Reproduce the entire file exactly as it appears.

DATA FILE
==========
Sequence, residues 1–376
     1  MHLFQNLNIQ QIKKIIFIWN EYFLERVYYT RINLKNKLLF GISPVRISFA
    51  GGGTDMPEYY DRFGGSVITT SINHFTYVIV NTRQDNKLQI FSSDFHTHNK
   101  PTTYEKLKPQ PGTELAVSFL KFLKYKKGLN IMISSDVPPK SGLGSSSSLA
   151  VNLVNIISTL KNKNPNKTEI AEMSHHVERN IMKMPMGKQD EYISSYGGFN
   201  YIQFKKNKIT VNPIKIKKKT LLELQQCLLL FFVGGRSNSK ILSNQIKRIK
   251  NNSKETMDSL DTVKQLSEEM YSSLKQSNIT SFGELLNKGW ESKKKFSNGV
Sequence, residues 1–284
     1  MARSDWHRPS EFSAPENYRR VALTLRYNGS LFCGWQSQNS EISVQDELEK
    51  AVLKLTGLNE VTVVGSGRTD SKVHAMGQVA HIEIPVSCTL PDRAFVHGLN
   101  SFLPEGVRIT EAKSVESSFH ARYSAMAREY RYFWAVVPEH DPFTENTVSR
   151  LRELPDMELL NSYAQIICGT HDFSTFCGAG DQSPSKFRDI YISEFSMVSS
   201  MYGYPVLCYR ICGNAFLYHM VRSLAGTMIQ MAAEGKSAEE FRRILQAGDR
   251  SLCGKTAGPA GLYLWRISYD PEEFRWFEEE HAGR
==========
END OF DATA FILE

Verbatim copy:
Sequence, residues 1–376
     1  MHLFQNLNIQ QIKKIIFIWN EYFLERVYYT RINLKNKLLF GISPVRISFA
    51  GGGTDMPEYY DRFGGSVITT SINHFTYVIV NTRQDNKLQI FSSDFHTHNK
   101  PTTYEKLKPQ PGTELAVSFL KFLKYKKGLN IMISSDVPPK SGLGSSSSLA
   151  VNLVNIISTL KNKNPNKTEI AEMSHHVERN IMKMPMGKQD EYISSYGGFN
   201  YIQFKKNKIT VNPIKIKKKT LLELQQCLLL FFVGGRSNSK ILSNQIKRIK
   251  NNSKETMDSL DTVKQLSEEM YSSLKQSNIT SFGELLNKGW ESKKKFSNGV
Sequence, residues 1–284
     1  MARSDWHRPS EFSAPENYRR VALTLRYNGS LFCGWQSQNS EISVQDELEK
    51  AVLKLTGLNE VTVVGSGRTD SKVHAMGQVA HIEIPVSCTL PDRAFVHGLN
   101  SFLPEGVRIT EAKSVESSFH ARYSAMAREY RYFWAVVPEH DPFTENTVSR
   151  LRELPDMELL NSYAQIICGT HDFSTFCGAG DQSPSKFRDI YISEFSMVSS
   201  MYGYPVLCYR ICGNAFLYHM VRSLAGTMIQ MAAEGKSAEE FRRILQAGDR
   251  SLCGKTAGPA GLYLWRISYD PEEFRWFEEE HAGR